Because of the prevalence of the Internet and its liberalizing tendencies in Chinese society, the Chinese Communist Party leadership has developed new strategies to fend off political, social and cultural challenges from this decentralized and borderless technology.
Under the rhetoric of protecting information security, China’s top-down model of Internet surveillance is composed of a dual strategy.
First, the government blocks online content and communication that it deems subversive. China has launched a sophisticated filtering system to contain the forces of political, social and cultural liberalization. Severe punishments have been imposed on Internet service providers, hosts and users who violate the rules.
Besides these punitive actions, the state adopts many pre-emptive methods to monitor cyberspace. Co-optation of private enterprises is crucial for neutralizing any crises that otherwise would have threatened the regime. One strategy is to implement a rigid business licensing system that demands obedience and cooperation from the private sector.
As a result, many Chinese online service providers assist the state in policing the Internet. The best example is the self-imposed censorship over any news about Hong Kong’s Umbrella movement last year and the “Jasmine Revolution” in the Middle East in 2011.
Second, the state fights fiercely for technical standard-setting and resource reallocation on a global stage under the guise of defending cybersovereignty, wanglu zhuquan (網絡主權). Beijing considers the Internet to be an infrastructural tool for state-building and is determined to nationalize its domestic cyberspace.
This assertive effort to impose ruling authority over the Internet as an economic sphere and a political space not only betrays the Western conception of a market-based, private-dominated Internet system, but also favors a new cyberstructure that weighs governmental authorities over non-state actors and national security over individual liberty and freedom.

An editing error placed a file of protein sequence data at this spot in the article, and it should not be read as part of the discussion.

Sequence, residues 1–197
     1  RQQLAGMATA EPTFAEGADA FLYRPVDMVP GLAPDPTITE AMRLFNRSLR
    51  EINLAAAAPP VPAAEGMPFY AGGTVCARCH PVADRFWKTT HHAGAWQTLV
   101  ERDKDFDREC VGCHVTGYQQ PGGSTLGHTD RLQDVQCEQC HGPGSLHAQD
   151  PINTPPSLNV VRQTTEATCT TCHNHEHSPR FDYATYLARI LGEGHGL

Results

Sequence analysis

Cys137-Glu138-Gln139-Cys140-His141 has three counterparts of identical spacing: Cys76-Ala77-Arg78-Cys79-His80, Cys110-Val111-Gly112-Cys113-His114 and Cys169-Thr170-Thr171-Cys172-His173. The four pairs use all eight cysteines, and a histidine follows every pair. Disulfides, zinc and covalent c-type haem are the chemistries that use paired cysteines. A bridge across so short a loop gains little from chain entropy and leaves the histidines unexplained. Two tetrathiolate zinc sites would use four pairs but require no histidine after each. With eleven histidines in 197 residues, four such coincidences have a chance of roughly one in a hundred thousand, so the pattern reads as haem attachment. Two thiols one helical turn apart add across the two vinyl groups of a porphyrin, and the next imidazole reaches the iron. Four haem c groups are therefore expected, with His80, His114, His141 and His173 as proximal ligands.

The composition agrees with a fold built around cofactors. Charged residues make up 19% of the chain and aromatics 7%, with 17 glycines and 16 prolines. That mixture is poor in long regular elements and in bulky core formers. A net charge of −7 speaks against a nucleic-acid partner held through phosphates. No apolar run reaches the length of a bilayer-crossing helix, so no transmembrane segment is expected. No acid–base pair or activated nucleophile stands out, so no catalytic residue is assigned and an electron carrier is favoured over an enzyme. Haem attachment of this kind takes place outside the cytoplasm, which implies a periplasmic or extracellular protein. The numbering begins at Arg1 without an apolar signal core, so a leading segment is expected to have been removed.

More recently, outraged by escalating domestic discontent, the Chinese government has switched to a harsher approach through banning online criticisms of the state and forbidding citizens to use virtual private networks to visit Web sites outside the country. These aggressive policies of nationalizing cyberspace reveal a growing sense of confidence among China’s top leaders to challenge Western dominance over digital technologies worldwide and to institutionalize a regulatory framework for global and national Internet governance.
In a nutshell, the tension between Internet freedom and control has created a paradoxical feature in China’s cyberspace: Growing online freedom is accompanied by the intensification of government surveillance through formal and informal censorship.
Political dissidents are not alone in feeling burnt. As cyberspace becomes increasingly politicized, only the future can tell whether the Chinese model of Internet governance will appeal to the world in the 21st century.
Joseph Tse-Hei Lee is professor of history and co-director of the Global Asia studies program at Pace University in New York.
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